Title: Linear and Rational Factorization of Tropical Polynomials

Abstract: The factorization of tropical polynomials is already an NP-Complete problem for bivariate ones. In this work we give an efficient algorithm for factorization and rational factorization of a rich class of homogeneous tropical polynomials in n variables. Special families of these polynomials have appeared in economics, discrete convex analysis, and combinatorics. Our theorems rely on an intrinsic characterization of regular mixed subdivisions of integral polytopes, and lead to many open problems of interest in discrete geometry. This is a joint work with Ngoc Mai Tran.

 

Wednesday

9:30-10:30 Alicia Dickenstein

Title: A bit of tropical varieties, a bit of polytopes

Abstract: I will present joint work with Bernard Mourrain and Maria Isabel Herrero on the tropicalization of generic rational varieties via curve valuations. We (slightly) extend results by Sturmfels, Tevelev and Yu, but our point of view can be generalized to deal with non-generic parametrizations. In the case of a generic rational hypersurface S, we give combinatorial conditions on the relative positions of the Newton polytopes of the polynomials defining the parametrization to determine the degree and the order of singularity of S at the origin. Some of these conditions look similar to those presented recently by Bihan and Soprunov, but they are different.

11:00-12:00 Marvin Hahn 

Title: Tropicalized quartics and canonical embeddings for tropical curves of genus 3

Abstract: Brodsky, Joswig, Morrison and Sturmfels showed that not all abstract tropical curves of genus 3 can be realized as a tropicalization of a quartic in the euclidean plane. In this talk, we focus on the interior of the maximal cones in the moduli space and classify all curves which can be realized as a faithful tropicalization in a tropical plane. Reflecting the algebro-geometric world, we show that these are exactly those which are not realizably hyperelliptic.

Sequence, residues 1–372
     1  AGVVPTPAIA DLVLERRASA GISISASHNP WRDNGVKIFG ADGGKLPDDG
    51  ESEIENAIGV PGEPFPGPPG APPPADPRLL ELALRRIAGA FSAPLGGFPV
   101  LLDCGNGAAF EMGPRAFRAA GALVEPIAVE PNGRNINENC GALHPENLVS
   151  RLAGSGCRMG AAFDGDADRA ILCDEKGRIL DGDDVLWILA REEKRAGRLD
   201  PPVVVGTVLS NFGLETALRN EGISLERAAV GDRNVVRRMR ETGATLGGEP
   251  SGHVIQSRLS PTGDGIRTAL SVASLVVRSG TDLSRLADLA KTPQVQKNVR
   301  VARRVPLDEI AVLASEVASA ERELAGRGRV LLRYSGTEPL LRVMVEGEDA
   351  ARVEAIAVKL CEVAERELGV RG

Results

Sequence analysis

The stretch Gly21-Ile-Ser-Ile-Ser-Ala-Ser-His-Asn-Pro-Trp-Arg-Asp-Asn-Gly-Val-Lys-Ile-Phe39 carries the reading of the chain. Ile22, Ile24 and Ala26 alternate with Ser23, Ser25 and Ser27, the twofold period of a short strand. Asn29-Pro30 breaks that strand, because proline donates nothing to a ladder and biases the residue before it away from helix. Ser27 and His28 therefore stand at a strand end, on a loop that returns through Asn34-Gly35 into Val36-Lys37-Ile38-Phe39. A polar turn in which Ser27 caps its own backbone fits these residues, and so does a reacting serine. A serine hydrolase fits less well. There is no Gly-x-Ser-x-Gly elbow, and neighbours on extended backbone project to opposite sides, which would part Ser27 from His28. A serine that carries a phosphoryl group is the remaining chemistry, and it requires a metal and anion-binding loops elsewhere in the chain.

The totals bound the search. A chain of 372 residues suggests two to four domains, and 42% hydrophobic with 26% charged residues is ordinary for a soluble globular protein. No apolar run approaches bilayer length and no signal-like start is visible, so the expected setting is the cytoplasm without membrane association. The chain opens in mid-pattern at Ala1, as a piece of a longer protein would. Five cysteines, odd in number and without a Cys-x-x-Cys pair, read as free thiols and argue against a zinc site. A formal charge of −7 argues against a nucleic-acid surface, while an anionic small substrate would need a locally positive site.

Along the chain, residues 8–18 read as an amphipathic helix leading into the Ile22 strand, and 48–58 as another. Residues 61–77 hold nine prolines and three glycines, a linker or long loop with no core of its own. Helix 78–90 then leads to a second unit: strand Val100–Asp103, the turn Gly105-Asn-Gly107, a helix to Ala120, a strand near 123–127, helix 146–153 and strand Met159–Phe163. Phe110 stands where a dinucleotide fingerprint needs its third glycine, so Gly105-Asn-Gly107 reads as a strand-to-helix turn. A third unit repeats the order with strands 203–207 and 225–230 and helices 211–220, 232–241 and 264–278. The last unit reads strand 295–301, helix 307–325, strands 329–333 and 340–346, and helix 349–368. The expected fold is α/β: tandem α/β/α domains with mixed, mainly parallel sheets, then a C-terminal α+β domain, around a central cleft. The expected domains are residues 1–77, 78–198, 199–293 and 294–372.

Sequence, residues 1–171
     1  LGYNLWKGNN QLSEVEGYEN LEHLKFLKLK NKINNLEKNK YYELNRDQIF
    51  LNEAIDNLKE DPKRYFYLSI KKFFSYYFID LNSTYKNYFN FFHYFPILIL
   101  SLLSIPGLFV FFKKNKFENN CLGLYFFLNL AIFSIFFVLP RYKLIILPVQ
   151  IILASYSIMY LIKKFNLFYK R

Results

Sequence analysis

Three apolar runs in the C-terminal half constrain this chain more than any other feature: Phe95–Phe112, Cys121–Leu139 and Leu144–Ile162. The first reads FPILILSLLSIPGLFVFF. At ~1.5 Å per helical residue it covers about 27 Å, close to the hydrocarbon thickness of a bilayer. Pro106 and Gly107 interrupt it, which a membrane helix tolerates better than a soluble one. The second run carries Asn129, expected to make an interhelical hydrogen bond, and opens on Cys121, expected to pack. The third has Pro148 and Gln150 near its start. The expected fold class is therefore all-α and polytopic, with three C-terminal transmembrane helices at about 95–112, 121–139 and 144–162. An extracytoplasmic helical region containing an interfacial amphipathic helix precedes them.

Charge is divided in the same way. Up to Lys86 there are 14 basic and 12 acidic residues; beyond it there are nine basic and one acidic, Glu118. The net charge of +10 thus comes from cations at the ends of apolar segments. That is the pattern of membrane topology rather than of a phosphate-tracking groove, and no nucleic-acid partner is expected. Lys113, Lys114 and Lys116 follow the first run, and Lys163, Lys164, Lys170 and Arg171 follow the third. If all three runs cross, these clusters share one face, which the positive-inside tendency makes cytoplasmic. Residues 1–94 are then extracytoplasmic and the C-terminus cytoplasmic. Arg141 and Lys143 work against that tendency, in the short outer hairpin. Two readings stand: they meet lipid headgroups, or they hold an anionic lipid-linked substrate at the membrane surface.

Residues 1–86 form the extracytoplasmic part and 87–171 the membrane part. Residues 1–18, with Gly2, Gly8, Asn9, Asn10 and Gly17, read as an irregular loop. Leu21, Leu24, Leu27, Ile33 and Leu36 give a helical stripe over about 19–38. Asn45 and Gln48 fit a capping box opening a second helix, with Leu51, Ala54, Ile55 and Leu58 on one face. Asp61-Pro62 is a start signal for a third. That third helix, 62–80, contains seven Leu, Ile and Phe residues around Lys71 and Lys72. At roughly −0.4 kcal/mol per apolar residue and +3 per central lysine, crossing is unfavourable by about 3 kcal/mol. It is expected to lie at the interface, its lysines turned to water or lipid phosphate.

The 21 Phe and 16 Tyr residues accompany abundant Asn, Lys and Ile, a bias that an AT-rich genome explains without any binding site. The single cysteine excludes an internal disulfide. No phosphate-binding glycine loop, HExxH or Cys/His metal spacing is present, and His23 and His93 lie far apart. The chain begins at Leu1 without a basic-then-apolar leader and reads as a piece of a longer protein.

Our approach is constructive: For any not realizably hyperelliptic curve, we explicitly construct a realizable model of the tropical plane and a faithfully tropicalized quartic in it. These constructions rely on modifications resp. tropical refinements. Conversely, we prove that any realizably hyperelliptic curve cannot be embedded in such a fashion. For that, we rely on the theory of tropical divisors and embeddings from linear systems, and recent advances in the realizability of sections of the tropical canonical divisor. This is joint work with Hannah Markwig, Yue Ren and Ilya Tyomkin.

14:00-15:00 Jorge Alberto Olarte

Title: The Moduli Space of Harnack Curves in Toric Surfaces

Abstract: Harnack curves are a special family of plane algebraic curves which are characterized by having amoebas that behave in the simplest possible way. In this talk we will see how that allows us to compute the moduli space of Harnack curves with a given Newton polygon. We will show how this space can be embedded into the moduli space of pointed tropical curves. Through this embedding the moduli space of Harnack curves has a compactification which essentially is the secondary polytope of the Newton polygon. We present how this compactification is related to Viro’s patchworking of real algebraic curves.